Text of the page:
Hiroo Onoda, the Japanese Army lieutenant who was the last World War II soldier to surrender, died Thursday, Jan. 16, in a Tokyo hospital at the age of 91. He had been stationed on Lubang Island in the Philippines when American troops landed Feb. 28, 1945. As other Japanese fled or were killed in the fighting, Onoda’s commander, Major Yoshimi Taniguchi, gave the order for him to fight. The lieutenant did as he was instructed, remembering the major’s promise to come back for him. That promise was finally kept in 1974.
Onoda had been conducting intelligence and guerrilla operations for the Imperial Japanese Fourteenth Area Army when his country surrendered on August 15, 1945. However, he never believed the numerous leaflets dropped around the Philippines declaring the war’s end, and continued to carry out his mission for the next 29 years.
During that time, the lieutenant and a small band of companions fought with Filipino security forces and civilians, killing as many as 30 people. This was usually due to Onoda’s group carrying out guerrilla activities such as sabotaging rice crops and attacking hunters and fishermen. When planes dropped leaflets announcing the end of the war, he thought it was propaganda. Of the four soldiers in the original group of holdouts, one surrendered in 1950. Two others were killed in gunfights, the second of which brought Japanese media attention to the still surviving Onoda.
He had been declared legally dead in 1959. A student, Norio Suzuki, had been looking for him and found him Feb. 20, 1974. When Suzuki returned to Japan with photos, the government sent a contingent to the island. This group included Japanese reporters, politicians, and his former commanding officer who told him Japan had lost the war and he was relieved of his duties. On March 9, 1974, Hiroo Onoda was Japan’s last World War II soldier to surrender.
Back in his home country, Onoda was a media sensation. He was one of the last original products of a Japanese mindset that was largely killed after the war. This was the strict “never surrender” doctrine adhered to by the Imperial Japanese Army, descended from traditional samurai codes of honor. Doctors said he was in surprisingly good condition after 30 years of living on an island, using survival tactics and eating bananas and coconuts. He was treated as a celebrity complete with parades and speeches by government officials. The roar of the crowds, modern industries and tall buildings were quite different from the bamboo huts and tropical heat he had gotten used to. Despite his attempts to blend in with modern Japan, he became disillusioned and moved to a Japanese community in Brazil. There, he raised cattle and met his future wife.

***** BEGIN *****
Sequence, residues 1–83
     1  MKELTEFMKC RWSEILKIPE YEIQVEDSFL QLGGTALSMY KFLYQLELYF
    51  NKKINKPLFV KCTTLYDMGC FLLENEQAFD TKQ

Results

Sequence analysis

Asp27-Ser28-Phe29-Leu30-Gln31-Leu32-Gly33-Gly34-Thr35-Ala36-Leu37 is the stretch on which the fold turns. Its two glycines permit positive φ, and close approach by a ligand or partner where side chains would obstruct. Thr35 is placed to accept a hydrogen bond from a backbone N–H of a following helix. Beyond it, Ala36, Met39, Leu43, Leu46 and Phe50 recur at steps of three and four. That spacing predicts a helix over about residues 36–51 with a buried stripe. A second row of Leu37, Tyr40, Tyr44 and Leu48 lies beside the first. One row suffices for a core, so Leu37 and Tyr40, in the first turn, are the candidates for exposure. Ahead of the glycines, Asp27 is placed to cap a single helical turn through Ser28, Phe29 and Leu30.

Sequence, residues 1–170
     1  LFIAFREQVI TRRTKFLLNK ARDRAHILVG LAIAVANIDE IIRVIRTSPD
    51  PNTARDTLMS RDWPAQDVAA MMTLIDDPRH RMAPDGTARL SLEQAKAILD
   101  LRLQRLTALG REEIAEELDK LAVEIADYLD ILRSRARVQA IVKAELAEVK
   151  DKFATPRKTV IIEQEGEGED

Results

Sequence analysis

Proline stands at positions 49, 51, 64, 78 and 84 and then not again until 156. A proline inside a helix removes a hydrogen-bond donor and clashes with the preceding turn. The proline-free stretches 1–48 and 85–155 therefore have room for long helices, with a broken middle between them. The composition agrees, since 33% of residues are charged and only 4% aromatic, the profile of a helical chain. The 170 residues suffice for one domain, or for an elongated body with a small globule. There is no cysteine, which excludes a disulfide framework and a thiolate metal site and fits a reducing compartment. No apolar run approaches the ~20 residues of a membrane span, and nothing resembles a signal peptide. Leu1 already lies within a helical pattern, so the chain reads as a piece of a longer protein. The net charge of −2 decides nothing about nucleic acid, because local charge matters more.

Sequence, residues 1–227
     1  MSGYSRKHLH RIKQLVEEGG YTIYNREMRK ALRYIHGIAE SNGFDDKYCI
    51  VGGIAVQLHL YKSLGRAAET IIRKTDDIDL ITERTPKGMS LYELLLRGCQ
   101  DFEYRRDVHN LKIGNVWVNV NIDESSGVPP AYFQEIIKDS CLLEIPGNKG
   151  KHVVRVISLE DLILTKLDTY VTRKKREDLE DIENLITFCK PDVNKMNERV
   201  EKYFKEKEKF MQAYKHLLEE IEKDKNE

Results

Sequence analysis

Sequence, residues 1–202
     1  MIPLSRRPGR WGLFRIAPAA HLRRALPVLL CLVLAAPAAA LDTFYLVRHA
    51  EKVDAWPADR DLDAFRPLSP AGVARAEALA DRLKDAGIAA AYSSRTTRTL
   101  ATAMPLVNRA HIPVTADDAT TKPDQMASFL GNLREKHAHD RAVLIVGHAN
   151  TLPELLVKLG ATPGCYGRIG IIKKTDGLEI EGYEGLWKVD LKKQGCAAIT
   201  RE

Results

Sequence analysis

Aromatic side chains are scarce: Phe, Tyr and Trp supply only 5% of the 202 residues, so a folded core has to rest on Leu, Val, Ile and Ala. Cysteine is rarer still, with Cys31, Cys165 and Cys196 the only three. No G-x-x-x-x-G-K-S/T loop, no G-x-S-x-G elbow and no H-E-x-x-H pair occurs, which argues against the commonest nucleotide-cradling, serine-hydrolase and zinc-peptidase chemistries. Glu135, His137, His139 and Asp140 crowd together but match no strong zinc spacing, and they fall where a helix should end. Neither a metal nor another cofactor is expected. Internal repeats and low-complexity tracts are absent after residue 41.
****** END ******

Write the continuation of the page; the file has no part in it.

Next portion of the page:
He returned to Japan when he heard a story of a young man who killed his parents after failing an entrance exam. This was further confirmation to Onoda of how lost Japan’s new generations were, and he decided to set up an outdoors survival program to “give children more power.” He donated $10,000 to a school when he returned to Lubang Island in 1996 to visit. He alternated between living in Japan and the country that gave him honorary citizenship — Brazil.
This national hero, with his dignified formality and military training, did not feel that he had wasted his life all those years on a island. He said he was fortunate to be able to accomplish his duty. As Japan’s last World War II soldier to surrender, Hiroo Onoda has done just that: He fulfilled his mission and never gave up.
By Connor D. Jetta